Dear Radio: Forget being hip — keep it real and simple
by Paulo Dias (@therealptp) I often wonder why we’re not comfortable in our own skin, especially in South Africa, where radio is such a relevant and important source of news and entertainment to the vast majority of our population?
It’s been that time of the year when the “Radio Trends in 2017” roadshows and articles have been in full force, a time when those of us in the radio industry scream loudly about how innovative we are, how we’re embracing technology, how we may compete with digital, how this is the year we steal TV spend.
We say fancy things such as “Well, Norway switching off FM transmitters for DAB is a game changer” and “Millenials are consuming more audio than ever” — because, you know, who are you in marketing if you’re not obsessed with millennials? And who are you in general if you’re not obsessed with Norway?
I worked on a radio promotional campaign towards the end of last year that really reminded me why we should be celebrating radio and not work up too much of a sweat “chasing the hip” or trying to keep up with the #joneses. The premise of the campaign was a simple one — hear a sound on air, text the station, and answer with a phrase that pays.
I have personally run that concept 1523 times; it’s a radio staple. It gets people listening longer and engaging with a client’s brand. It’s not going to win us awards or get me featured by James Cridland but it does what radio is intended for: resonating with millions of people at any given time.
What radio is in this country is an equaliser. We may sometimes get caught up in our “video on demand”, “fibre to the home”, “streaming music subscriptions” little bubble and we are spoilt by the fact that technology, the devices and the bandwidth to consume the latest news and information are easily available.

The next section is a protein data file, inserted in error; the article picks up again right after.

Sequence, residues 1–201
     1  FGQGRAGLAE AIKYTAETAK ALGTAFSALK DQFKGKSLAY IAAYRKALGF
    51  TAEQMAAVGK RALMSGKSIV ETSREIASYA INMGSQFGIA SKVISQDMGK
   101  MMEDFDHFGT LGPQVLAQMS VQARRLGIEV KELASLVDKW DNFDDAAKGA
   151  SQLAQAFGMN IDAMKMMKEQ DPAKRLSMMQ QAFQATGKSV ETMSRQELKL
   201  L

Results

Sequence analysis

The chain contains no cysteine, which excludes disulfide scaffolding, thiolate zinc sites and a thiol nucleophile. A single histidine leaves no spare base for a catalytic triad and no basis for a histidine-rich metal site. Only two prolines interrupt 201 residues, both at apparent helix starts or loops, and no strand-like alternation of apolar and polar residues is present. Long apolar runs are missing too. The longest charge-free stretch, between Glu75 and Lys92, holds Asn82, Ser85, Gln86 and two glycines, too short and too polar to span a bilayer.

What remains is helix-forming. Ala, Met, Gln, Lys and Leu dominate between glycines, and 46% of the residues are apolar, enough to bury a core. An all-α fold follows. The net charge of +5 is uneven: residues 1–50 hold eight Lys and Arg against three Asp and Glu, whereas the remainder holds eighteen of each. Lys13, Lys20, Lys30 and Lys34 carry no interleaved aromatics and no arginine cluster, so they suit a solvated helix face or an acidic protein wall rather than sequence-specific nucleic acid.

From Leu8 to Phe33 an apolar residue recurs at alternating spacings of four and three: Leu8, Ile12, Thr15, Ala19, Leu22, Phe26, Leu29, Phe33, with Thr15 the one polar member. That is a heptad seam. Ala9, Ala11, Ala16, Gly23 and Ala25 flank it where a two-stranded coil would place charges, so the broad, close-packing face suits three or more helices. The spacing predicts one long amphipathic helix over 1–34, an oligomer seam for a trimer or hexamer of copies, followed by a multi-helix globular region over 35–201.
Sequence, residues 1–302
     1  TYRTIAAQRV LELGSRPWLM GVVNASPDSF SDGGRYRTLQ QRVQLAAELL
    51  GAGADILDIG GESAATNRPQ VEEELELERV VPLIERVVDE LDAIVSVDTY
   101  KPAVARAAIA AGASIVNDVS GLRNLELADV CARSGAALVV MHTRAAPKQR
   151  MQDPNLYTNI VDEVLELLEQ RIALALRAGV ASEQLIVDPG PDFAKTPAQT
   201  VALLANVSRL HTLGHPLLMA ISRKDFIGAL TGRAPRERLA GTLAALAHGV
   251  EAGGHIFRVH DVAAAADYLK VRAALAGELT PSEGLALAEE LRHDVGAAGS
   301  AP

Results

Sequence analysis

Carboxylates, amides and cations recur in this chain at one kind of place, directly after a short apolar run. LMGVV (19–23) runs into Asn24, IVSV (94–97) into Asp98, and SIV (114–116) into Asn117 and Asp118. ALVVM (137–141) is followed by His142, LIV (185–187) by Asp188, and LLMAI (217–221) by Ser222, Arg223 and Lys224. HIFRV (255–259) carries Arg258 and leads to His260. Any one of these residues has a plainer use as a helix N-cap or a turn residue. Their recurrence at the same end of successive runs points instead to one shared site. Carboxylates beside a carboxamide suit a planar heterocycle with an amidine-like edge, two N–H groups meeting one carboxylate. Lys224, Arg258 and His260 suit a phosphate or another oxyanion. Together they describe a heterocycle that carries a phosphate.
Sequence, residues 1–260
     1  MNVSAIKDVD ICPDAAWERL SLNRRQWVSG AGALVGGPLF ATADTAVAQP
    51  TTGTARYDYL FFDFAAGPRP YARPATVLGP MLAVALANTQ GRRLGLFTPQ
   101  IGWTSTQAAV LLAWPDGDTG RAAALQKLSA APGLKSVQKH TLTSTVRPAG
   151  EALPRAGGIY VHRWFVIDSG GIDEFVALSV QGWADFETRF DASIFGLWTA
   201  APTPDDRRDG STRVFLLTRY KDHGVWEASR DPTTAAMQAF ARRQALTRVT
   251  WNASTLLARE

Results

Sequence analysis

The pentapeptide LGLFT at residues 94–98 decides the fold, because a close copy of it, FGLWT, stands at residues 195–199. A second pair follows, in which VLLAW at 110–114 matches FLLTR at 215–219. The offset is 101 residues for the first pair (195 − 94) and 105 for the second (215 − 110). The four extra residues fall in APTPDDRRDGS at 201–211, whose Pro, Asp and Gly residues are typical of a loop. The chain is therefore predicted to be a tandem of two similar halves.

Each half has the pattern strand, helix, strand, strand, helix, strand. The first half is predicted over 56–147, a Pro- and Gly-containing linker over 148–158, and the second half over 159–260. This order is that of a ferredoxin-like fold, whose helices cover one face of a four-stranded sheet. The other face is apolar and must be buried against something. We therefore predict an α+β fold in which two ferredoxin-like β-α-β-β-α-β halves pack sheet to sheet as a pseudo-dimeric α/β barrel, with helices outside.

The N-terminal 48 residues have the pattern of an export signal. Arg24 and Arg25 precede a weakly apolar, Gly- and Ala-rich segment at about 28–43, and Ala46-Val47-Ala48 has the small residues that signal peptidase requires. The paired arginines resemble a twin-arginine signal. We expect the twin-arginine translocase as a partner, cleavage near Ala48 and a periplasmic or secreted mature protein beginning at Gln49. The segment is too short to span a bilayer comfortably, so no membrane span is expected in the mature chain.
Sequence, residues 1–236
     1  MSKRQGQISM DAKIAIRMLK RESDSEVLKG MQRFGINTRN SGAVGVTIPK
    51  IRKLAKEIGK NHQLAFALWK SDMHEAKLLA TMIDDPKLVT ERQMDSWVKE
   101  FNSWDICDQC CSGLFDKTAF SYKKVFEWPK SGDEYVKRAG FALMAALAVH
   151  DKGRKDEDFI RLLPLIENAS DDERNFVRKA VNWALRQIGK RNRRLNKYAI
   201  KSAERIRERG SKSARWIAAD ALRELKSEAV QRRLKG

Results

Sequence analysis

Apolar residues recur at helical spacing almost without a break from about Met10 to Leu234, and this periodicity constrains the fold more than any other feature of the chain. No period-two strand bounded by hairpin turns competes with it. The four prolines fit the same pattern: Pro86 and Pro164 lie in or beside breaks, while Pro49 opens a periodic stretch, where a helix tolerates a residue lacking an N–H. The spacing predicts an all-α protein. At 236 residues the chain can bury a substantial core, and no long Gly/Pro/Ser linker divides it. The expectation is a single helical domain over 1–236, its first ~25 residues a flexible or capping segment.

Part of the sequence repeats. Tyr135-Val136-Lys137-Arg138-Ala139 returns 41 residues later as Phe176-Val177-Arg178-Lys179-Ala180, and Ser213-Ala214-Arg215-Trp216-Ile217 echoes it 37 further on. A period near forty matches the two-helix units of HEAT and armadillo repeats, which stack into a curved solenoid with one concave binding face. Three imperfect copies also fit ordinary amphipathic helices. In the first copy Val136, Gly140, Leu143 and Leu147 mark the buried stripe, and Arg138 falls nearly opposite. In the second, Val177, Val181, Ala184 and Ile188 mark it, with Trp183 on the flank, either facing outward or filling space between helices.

Part of the conversation
If you’re reading this, you’re at least literate in English, have some sort of smart device or computer and have access to the internet, whether at home or the office. Those circumstances give you access to entertainment from around the world and puts news at your fingertips. Those circumstances gave you the choice of streaming Donald Trump’s inauguration or following it on social media and sharing the memes as they happened. For the vast majority of this country, those circumstances don’t exist — but radio allows them to be part of the conversation. Speaking to them in their own language. Not costing anything. Not needing anything other than a simple FM radio.
The campaign I’m talking about didn’t need hashtags or trendmaps, or retweets or follows or views, it needed a simple text to a radio station that the listener trusted implicitly. Now this same campaign with the same mechanic ran across every station in the country, those with extremely connected audiences and on those with less so. But it worked universally across all.
The reason it worked is simple: radio works in South Africa when it’s real, shares our voice, doesn’t discriminate against your education level, salary, living conditions or social status, and, even better, doesn’t cost us anything.
The most-valuable advice I was given about radio was this: “Radio is very easy: play some music, give away some prizes.”
We owe it to ourselves and to our listeners to be more complicated and adventurous than that, but let’s not forget it — because, no matter what the trends are, being real and simple will always be in fashion.
Paulo Dias (@therealptp) is the head of creative integration at Ultimate Media. He works closely with the programming teams at leading radio stations to help implement commercial messaging into their existing formats. He contributes the regular column, “Dear Radio”, looking at the changing radio landscape in South Africa, to MarkLives.com